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Volume 34, Number 3, September 2001

In vitro activity of moxifloxacin against common clinical bacterial isolates in Taiwan

Wang-Huei Sheng, Jann-Tay Wang, Yee-Chun Chen, Shan-Chwen Chang, Kwen-Tay Luh
Department of Internal Medicine, National Taiwan University Hospital, Taipei, ROC



The in vitro antimicrobial activities of moxifloxacin were compared with 7 other antimicrobial agents. A total of 707 isolates of 11 common pathogenic bacteria were collected from the National Taiwan University Hospital; antimicrobial activities against these isolates were evaluated by minimum inhibitory concentration using an agar-dilution method. Most common pathogenic bacteria were susceptible to moxifloxacin, including methicillin-susceptible and -resistant Staphylococcus aureus, methicillin-susceptible and -resistant Staphylococcus epidermidis, Streptococcus pneumoniae, Enterococcus faecalis, Escherichia coli, Klebsiella pneumoniae, Enterobacter cloacae, Pseudomonas aeruginosa, Burkholderia cepacia, Acinetobacter baumannii, and Stenotrophomonas maltophilia. For many of these bacterial species, moxifloxacin was the most active antimicrobial agent compared with the third- and fourth- generation cephalosporins, carbapenems, monobactam, and other quinolones. Some strains of methicillin-resistant S. aureus and methicillin-resistant S. epidermidis demonstrated very low levels of minimum inhibitory concentration for moxifloxacin, suggesting the potential application of the drug to treat some drug-resistant gram-positive bacterial infections. Moxifloxacin was less active against P. aeruginosa, but was more active against S. maltophilia when compared with other fluoroquinolones. In conclusion, moxifloxacin exhibits an increased potency against gram-positive bacteria as compared with other tested antimicrobial agents, while preserving excellent activity against gram-negative bacteria. The drug appears to be a promising agent expressing activity against a wide variety of bacteria in Taiwan.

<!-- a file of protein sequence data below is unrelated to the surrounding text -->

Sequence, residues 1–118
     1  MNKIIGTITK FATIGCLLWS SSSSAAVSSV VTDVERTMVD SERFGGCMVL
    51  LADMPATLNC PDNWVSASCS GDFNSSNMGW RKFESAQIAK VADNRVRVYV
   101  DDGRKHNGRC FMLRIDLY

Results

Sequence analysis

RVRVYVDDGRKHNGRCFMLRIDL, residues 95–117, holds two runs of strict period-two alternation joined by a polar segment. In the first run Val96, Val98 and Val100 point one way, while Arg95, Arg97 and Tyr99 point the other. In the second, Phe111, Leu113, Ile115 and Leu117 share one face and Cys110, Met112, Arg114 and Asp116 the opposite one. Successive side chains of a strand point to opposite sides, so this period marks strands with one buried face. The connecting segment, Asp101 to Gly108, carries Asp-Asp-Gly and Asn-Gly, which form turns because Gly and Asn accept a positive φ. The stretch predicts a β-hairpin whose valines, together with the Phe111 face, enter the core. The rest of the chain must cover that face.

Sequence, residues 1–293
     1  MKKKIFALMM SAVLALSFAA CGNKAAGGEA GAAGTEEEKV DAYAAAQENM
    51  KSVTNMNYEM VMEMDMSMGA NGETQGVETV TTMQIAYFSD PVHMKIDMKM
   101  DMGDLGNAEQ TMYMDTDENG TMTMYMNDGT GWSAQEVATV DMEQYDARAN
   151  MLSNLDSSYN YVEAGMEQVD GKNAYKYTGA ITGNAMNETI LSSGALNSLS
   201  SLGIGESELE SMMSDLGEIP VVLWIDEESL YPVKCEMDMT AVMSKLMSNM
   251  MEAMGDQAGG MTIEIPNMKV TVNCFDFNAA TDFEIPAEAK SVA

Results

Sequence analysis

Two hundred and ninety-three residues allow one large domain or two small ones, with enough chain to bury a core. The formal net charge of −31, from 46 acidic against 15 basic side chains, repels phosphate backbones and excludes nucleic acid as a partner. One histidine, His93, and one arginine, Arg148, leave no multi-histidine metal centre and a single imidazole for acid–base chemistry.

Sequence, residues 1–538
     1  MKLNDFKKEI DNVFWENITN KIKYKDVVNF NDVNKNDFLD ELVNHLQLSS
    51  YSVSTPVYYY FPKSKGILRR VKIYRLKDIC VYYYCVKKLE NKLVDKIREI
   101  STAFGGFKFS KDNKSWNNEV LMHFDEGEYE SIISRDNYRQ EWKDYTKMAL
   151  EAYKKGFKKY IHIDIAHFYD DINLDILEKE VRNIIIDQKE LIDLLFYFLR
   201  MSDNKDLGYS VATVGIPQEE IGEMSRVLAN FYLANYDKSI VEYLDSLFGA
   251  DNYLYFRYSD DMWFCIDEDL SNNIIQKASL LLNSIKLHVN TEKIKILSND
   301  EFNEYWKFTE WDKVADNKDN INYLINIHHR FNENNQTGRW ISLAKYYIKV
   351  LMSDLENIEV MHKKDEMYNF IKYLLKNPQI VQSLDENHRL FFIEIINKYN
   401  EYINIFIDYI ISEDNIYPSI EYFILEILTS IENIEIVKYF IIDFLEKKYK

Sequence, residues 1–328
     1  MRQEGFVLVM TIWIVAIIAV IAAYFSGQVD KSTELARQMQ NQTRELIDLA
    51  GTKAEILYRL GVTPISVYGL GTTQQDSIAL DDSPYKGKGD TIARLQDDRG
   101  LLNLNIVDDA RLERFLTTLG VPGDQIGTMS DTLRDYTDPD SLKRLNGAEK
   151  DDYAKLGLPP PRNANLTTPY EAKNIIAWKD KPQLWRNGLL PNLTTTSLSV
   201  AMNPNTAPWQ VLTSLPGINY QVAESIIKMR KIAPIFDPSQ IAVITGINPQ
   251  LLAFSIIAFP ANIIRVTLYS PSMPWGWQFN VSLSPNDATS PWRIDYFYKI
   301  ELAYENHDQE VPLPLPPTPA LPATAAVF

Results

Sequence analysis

J Microbiol Immunol Infect 2001;34:178-184.